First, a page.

Affordable Access

Endogenous Opioids and Their Role in Odor Preference Acquisition and Consolidation Following Odor–Shock Conditioning in Infant Rats

Publication Date
  • Article
  • Biology
  • Chemistry


We assessed the neurochemical basis of olfactory learning induced by presentations of odor and moderate shock in infant rats. Paradoxically, shock conditioning produces an odor preference in 8-day-olds, but an odor aversion in 12-day-olds. Studies have demonstrated the importance of opioids in early olfactory learning; their specific role remains undefined. In this study, postnatal Days 8 and 12 pups were systemically injected with naltrexone, a nonspecific opioid antagonist, or saline and received either paired or backward presentations of odor-moderate shock or odor-only presentations. Blocking the opioid system during conditioning disrupted acquisition of the Day 8 odor preference, but not the Day 12 odor aversion. Additional Day 8 pups were given naltrexone posttraining. Naltrexone not only blocked consolidation of an odor preference but also yielded an odor aversion. These results suggest that the opioid system has a critical role in both olfactory learning and consolidation of odor preferences during the sensitive period.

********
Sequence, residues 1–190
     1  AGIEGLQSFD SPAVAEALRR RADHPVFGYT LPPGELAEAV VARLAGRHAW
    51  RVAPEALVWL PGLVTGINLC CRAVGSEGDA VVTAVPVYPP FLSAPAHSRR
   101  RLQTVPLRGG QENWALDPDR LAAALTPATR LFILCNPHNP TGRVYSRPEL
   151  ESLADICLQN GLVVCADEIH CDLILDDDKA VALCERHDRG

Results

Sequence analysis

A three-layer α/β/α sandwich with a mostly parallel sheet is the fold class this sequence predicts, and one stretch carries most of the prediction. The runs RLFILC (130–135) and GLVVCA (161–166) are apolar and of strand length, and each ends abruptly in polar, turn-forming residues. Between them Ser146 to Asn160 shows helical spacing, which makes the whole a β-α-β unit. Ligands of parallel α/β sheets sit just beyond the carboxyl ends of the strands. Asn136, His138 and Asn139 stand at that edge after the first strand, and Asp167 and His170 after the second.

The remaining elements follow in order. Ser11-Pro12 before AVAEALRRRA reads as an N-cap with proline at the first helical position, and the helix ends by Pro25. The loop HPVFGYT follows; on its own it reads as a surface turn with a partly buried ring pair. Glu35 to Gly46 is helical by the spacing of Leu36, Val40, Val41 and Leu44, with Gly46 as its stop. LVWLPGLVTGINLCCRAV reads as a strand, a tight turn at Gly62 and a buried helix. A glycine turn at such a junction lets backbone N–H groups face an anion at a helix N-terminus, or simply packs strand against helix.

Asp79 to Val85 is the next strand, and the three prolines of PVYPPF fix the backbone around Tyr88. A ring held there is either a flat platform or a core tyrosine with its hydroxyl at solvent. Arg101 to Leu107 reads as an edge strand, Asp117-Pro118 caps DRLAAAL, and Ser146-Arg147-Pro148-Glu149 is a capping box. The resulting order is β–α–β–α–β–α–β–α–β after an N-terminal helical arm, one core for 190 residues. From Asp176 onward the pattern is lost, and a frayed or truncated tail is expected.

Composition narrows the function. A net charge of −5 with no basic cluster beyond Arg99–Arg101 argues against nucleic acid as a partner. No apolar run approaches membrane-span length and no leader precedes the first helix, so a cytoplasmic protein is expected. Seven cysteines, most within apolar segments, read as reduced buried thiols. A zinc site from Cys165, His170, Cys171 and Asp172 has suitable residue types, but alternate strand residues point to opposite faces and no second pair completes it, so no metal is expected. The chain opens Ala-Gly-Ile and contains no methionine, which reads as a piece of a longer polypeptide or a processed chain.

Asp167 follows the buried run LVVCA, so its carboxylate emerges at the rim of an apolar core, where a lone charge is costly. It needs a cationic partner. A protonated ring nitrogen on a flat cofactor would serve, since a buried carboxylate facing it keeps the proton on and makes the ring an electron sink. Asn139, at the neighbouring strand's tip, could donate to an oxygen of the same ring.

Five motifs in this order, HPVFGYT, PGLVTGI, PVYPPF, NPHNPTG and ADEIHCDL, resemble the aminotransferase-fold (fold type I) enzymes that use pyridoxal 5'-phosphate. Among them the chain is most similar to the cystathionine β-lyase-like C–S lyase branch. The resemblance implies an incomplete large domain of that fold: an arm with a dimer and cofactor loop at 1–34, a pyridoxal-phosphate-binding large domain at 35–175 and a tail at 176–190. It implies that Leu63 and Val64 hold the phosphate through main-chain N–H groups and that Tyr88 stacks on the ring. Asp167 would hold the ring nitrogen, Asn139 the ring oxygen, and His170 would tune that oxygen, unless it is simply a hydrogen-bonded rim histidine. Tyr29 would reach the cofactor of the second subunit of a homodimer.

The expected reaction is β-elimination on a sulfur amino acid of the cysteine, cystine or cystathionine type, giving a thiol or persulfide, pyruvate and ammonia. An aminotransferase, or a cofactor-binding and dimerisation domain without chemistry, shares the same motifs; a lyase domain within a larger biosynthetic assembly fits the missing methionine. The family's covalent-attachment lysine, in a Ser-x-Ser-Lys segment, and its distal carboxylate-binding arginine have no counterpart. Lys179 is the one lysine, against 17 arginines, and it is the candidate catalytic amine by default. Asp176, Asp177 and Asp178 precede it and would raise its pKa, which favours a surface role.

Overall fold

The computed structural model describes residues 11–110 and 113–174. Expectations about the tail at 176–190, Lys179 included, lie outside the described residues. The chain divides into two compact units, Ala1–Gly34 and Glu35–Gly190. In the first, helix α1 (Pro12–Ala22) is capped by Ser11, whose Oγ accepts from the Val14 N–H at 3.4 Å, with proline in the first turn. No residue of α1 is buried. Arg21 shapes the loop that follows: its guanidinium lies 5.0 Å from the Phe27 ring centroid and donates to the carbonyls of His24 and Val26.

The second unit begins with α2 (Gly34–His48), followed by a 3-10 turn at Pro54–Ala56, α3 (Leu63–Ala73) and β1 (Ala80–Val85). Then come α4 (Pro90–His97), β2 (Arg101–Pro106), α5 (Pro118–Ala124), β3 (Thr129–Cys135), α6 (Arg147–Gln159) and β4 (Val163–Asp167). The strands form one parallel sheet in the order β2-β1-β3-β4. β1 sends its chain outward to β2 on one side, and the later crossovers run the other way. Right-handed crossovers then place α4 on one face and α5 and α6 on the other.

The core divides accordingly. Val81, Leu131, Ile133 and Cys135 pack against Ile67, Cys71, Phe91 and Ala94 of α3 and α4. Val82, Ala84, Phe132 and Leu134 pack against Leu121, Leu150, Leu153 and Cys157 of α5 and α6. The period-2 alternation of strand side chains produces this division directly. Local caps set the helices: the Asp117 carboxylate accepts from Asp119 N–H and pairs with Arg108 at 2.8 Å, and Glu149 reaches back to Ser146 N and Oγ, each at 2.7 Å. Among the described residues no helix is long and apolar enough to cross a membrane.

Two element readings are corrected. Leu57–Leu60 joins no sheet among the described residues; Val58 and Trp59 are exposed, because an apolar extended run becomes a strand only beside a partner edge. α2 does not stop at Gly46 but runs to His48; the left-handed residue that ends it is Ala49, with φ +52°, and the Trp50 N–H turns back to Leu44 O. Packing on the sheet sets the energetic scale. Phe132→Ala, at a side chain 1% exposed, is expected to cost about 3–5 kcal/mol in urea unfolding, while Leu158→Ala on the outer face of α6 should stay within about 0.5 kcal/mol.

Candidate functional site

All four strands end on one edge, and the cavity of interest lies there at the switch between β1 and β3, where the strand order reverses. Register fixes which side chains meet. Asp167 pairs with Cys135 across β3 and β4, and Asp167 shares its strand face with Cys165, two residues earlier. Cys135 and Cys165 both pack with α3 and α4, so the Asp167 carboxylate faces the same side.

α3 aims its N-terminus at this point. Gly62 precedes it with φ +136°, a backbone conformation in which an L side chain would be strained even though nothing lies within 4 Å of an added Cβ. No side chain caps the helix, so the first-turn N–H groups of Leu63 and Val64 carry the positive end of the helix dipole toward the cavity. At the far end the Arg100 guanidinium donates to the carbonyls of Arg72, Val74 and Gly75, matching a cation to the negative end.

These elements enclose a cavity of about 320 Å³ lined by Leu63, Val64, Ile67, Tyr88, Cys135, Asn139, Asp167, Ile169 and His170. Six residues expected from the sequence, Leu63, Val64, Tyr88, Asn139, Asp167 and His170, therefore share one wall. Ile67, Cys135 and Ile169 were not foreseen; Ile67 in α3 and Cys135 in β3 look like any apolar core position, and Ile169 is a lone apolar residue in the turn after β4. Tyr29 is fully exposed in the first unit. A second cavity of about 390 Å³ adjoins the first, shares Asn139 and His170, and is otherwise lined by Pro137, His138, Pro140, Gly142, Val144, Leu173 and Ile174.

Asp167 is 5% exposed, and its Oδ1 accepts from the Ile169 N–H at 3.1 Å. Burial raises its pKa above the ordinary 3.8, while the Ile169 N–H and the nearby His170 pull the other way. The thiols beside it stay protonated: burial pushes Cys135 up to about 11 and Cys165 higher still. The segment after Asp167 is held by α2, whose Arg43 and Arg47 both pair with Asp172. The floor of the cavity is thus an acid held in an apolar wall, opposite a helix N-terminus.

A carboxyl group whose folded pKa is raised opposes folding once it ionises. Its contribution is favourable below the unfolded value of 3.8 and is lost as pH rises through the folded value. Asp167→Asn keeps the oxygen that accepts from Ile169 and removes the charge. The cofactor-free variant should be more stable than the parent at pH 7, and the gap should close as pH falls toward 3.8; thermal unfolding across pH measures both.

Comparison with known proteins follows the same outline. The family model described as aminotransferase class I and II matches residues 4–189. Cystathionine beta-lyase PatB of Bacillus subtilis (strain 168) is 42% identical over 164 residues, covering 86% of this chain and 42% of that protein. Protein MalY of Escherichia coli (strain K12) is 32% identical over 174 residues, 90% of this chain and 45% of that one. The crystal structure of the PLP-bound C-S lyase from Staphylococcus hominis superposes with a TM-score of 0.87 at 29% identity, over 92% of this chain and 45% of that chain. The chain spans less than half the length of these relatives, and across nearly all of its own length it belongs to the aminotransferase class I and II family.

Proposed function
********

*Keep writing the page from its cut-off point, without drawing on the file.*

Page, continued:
There are no comments yet on this publication. Be the first to share your thoughts.


Seen <100 times